Arctic Life/Arctic Plants/Heath

From Arctic Bioscan Wiki

Heath Family — Ericaceae

A close-up of Lapland rosebay, Rhododendron lapponicum.
Scientific classification

This family of dwarf, evergreen shrubs is diverse and ecologically significant, providing food for many birds, mammals, and humans. Approximately ten genera are represented in the Canadian Arctic and these are placed into three groups: Group I – plants with showy, upward-facing flowers; Group II – plants with bell-shaped flowers; and Group III – plants with juicy berries.

Group I: the genera Loiseleuria, Ledum, and Rhododendron.

Alpine azalea, Loiseleuria procumbens, is a low, woody plant, which grows pressed close to the ground. Its shiny, leathery leaves are very small, less than 4 mm long, and possess a waxy coating, which helps to prevent water loss. Each flower has five pink petals arranged in a star-shaped pattern.

The Labrador teas – marsh Labrador tea, Ledum decumbens, and bog Labrador tea, L. groenlandicum – are also low-lying shrubs and bear narrow, alternate evergreen leaves whose margins are rolled and densely-haired underneath. When crushed, these plants are strongly aromatic, a trait that can be used to identify them once the flowers fade. In full bloom, however, their clustered white flowers provide an explosion of colour across the tundra.

Lapland rosebay, Rhododendron lapponicum, blooms early in the arctic summer, sprinkling gravelly areas with bursts of pinkish-purple flowers. Rosebay branches, as well as the undersides of its oval-shaped, leathery leaves, are covered in brown scales. Leaves are clustered at the ends of the branches; the fragrant flowers are also clustered in groups of four to eight. An unusual aspect of this woody shrub is its choice of soil type. All other members of the genus Rhododendron occur on acidic soils, whereas R. lapponicum thrives on limestone soils, which are basic.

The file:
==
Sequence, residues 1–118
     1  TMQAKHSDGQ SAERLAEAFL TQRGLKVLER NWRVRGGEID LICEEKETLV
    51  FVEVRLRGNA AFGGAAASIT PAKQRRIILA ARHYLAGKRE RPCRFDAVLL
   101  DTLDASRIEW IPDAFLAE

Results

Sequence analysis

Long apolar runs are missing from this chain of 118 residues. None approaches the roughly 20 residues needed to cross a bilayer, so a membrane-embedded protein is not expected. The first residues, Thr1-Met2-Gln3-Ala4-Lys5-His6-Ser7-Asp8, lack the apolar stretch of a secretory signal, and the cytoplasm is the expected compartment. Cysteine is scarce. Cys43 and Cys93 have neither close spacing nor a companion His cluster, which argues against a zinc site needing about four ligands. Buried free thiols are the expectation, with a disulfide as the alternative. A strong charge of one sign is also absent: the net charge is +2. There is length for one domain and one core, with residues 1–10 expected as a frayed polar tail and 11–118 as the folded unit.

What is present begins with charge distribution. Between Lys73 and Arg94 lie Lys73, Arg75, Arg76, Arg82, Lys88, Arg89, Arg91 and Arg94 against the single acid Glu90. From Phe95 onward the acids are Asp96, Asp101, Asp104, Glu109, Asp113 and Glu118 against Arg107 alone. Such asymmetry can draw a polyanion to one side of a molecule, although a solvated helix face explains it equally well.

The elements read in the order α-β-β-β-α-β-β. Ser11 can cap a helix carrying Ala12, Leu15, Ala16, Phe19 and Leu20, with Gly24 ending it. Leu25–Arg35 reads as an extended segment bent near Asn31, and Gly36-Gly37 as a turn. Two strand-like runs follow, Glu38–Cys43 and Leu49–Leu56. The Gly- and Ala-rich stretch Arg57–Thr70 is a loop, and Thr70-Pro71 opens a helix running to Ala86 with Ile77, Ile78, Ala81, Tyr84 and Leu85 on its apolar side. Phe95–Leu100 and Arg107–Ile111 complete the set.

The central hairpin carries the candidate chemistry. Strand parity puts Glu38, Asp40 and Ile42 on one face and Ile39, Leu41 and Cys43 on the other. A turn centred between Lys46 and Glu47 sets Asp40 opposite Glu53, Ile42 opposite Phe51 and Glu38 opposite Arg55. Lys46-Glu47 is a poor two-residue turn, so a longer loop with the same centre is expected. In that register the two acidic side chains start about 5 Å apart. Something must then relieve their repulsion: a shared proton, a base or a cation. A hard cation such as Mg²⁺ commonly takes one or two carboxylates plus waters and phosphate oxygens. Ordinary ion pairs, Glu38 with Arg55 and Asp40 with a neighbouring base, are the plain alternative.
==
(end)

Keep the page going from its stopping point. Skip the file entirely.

To learn about another member of this group, the White Heather (Cassiope tetragona), please click here.

Group II: the genera Cassiope, Andromeda, Phyllodoce, and Chamaedaphne.

Moss heather, Cassiope hypnoides, gains its name from its moss-like, needle-shaped leaves that overlap each other like tiles on a roof. Its bell-shaped flowers are small and white; the calyx, wine-red. This plant commonly grows in sheltered, rocky places, along brooks and lake shores, where the snow remains late.

Bog rosemary, Andromeda polifolia, is an attractive evergreen shrub, whose leaves are narrow and deeply grooved, with whitish undersides and the edges turned in. Its flowers are shaped more like an urn than a bell, and possess five pink petals that join five darker pink sepals to form the urn. The distinguishing feature of the bog rosemary is its pinkish-red fruits, which resemble tiny apples sitting on pedestals.

Like the moss heather, mountain heather, Phyllodoce coerulea, has alternate, needle-shaped, evergreen leaves. This plant, common on southern Baffin Island, bears purple-pink flowers with scattered white hairs, and a hairy, reddish-purple calyx. It grows in turfy places where the snow remains late in the summer.

The leather leaf, Chamaedaphne calyculata, thrives in bogs, muskeg, and along lake margins, just north of the treeline. Its leaves are alternate and evergreen, while its flowers are white and grow along one side of the stem.

Group III: the genera Arctostaphylos, Oxycoccus, and Vaccinium.

The bearberries, Arctostaphylos spp., form mats that spread over large areas and often grow amongst blueberry and cranberry. To learn about the bearberry, click here.

External resources

Name ID
NCBI Taxonomy 4345
WikiSpecies Ericaceae
Wikipedia Ericaceae
iNaturalist Heathers
BOLD 121410